|dc.description.abstract||The thesis underpinning this study is as follows; it is possible to build
models that are indistinguishable from the mental models used by humans
to generate language to describe their environment. This is to say that
the machine model should perform in such a way that a human listener
could not discern whether
a description of a scene was generated by a human or by the machine model.
Many linguistic processes are used to generate even simple scene
descriptions and developing machine models of all of them is beyond the
scope of this study. The goal of this study is, therefore, to model a
of the scene description process, operating in a sufficiently realistic
environment, so that the likelihood of being able to build machine models
of the remaining processes, operating in the real world, can be
The relatively under-researched process of reference object selection is
chosen as the focus of this study. A reference object is, for instance,
the `table' in the phrase ``The flowers are on the table''. This study
demonstrates that the reference selection process is of similar complexity
to others involved
in generating scene descriptions which include: assigning prepositions,
selecting reference frames and disambiguating objects (usually termed
`generating referring expressions'). The secondary
thesis of this study is therefore;
it is possible to build a machine model that is indistinguishable from the mental models used by humans in selecting reference objects. Most of the practical work in the study is aimed at establishing this.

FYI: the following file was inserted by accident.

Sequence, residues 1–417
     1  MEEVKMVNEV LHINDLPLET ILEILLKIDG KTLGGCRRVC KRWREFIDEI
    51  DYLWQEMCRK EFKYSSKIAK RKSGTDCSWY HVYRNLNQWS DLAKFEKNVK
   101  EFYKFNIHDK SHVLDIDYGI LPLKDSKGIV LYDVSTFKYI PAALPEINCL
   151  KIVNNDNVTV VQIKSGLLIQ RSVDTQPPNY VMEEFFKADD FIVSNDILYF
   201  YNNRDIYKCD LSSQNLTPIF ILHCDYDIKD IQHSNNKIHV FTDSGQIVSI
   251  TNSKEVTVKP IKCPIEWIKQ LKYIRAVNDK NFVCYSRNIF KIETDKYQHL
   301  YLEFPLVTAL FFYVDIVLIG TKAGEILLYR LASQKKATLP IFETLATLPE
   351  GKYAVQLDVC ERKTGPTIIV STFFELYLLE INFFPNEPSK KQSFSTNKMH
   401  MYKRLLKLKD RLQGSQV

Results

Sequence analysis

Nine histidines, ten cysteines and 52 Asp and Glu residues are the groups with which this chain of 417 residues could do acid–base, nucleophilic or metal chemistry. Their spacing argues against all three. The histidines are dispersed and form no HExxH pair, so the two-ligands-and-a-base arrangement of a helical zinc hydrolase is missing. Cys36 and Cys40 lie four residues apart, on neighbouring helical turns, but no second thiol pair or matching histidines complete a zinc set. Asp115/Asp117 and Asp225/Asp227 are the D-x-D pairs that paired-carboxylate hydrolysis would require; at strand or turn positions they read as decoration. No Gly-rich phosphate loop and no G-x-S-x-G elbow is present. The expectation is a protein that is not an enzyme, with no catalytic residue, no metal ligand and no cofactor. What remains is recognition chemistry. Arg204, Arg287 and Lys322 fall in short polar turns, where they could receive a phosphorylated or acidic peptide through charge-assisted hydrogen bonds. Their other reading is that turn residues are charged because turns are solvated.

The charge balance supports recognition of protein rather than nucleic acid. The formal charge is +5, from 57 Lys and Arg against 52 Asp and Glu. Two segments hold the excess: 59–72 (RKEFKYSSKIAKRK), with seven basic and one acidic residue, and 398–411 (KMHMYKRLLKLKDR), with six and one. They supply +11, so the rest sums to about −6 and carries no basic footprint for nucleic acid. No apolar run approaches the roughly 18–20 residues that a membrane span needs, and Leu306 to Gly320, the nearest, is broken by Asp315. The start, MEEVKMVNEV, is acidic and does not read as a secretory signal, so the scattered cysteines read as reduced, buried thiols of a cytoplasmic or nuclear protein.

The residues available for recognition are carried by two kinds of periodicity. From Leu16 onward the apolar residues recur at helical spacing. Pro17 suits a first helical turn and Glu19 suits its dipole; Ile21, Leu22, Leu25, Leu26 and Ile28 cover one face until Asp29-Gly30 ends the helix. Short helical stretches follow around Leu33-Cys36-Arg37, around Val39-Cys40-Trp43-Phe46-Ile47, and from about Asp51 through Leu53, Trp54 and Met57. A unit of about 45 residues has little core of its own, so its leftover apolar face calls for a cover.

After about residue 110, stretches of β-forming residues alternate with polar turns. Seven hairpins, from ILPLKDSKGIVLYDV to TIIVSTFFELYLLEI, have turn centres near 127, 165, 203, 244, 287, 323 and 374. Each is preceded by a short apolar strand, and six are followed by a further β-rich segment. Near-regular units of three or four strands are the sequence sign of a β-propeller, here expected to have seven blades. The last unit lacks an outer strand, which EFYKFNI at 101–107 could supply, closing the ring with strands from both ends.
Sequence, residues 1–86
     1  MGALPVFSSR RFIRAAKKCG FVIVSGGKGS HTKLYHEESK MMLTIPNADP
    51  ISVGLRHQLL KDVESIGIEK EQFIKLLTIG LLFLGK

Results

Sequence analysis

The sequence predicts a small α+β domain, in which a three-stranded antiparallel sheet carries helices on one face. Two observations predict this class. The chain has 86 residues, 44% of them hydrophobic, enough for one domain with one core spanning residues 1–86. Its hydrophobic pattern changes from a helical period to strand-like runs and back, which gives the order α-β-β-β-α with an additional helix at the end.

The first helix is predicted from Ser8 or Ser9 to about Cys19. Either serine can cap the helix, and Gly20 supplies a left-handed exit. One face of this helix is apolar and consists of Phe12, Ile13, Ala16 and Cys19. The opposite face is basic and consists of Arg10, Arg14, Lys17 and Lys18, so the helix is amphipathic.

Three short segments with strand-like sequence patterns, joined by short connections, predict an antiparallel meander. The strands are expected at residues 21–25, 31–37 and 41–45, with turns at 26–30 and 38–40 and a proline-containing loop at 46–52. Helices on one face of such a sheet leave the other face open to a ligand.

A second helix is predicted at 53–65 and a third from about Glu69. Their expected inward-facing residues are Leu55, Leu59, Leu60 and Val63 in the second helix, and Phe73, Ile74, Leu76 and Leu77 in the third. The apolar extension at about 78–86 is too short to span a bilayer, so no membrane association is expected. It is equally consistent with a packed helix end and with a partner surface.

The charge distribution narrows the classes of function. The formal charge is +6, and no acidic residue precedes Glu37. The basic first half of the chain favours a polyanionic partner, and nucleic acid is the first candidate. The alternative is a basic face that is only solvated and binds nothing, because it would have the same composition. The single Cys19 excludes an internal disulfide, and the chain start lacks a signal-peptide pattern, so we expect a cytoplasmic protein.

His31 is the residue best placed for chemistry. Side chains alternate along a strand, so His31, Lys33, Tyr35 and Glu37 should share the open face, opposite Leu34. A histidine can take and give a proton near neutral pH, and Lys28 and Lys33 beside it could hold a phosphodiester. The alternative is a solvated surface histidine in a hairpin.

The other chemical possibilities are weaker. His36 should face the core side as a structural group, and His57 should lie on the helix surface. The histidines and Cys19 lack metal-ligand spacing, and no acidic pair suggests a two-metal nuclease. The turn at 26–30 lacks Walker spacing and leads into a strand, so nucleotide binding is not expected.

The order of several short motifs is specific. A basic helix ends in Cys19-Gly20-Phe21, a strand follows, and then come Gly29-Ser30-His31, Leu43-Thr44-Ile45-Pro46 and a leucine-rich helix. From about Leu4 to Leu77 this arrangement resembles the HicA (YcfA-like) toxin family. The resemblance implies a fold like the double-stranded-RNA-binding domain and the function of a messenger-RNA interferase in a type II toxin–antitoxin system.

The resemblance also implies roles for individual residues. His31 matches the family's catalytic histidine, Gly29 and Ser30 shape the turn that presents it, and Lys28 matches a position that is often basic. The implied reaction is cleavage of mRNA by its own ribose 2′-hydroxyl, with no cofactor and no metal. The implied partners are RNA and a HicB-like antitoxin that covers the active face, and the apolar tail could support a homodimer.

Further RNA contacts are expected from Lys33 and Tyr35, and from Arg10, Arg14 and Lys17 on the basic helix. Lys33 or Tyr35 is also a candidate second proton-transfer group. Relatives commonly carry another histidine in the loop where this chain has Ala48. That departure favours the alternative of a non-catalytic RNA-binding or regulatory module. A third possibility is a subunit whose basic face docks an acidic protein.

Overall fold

An environment sufficiently near to the real-world for the machine models
to operate on is developed as part of this study. It consists of a series
of 3-dimensional scenes containing multiple objects that are
recognisable to humans and `readable' by the machine models. The
rationale for this approach is discussed. The performance of human
subjects in describing this environment is evaluated, and measures by
the human performance can be compared to the performance of the machine
models are discussed.
The machine models used in the study are variants on Bayesian networks. A
new approach to learning the structure of a subset of Bayesian networks is
presented. Simple existing Bayesian classifiers such as naive or tree
augmented naive networks did not perform sufficiently well. A significant
result of this study is that useful machine models for reference object
are of such complexity that a machine learning approach is required.
Earlier proposals based on sum-of weighted-factors or similar
constructions will not produce satisfactory models.
Two differently derived sets of variables are used and compared in this
study. Firstly variables derived from the basic geometry of the scene and
properties of objects are used. Models built from these
variables match the
choice of reference of a group of humans some 73\% of the time, as
compared with 90\% for the median human subject. Secondly
variables derived from `ray casting' the scene are used. Ray cast
variables performed much worse than anticipated, suggesting that
humans use object knowledge as well as immediate perception in the
reference choice task. Models combining geometric and ray-cast
the choice of reference of the group of humans some 76\% of the time.
Although niether of these machine models are likely to be
indistinguishable from a human, the reference choices are rarely,
if ever, entirely ridiculous.
A secondary goal of the study is to contribute to the understanding of the
process by which humans select reference objects. Several statistically
significant results concerning the necessary complexity of the human
models and the nature of the variables within them are established.
Problems that remain with
both the representation of the near-real-world
environment and the Bayesian models and variables used within them are
these problems cast some doubt on the results it is argued that solving
these problems is possible and would, on balance, lead to improved
performance of the machine
models. This further supports the assertion that machine models producing
reference choices indistinguishable from those of humans are possible.||en_GB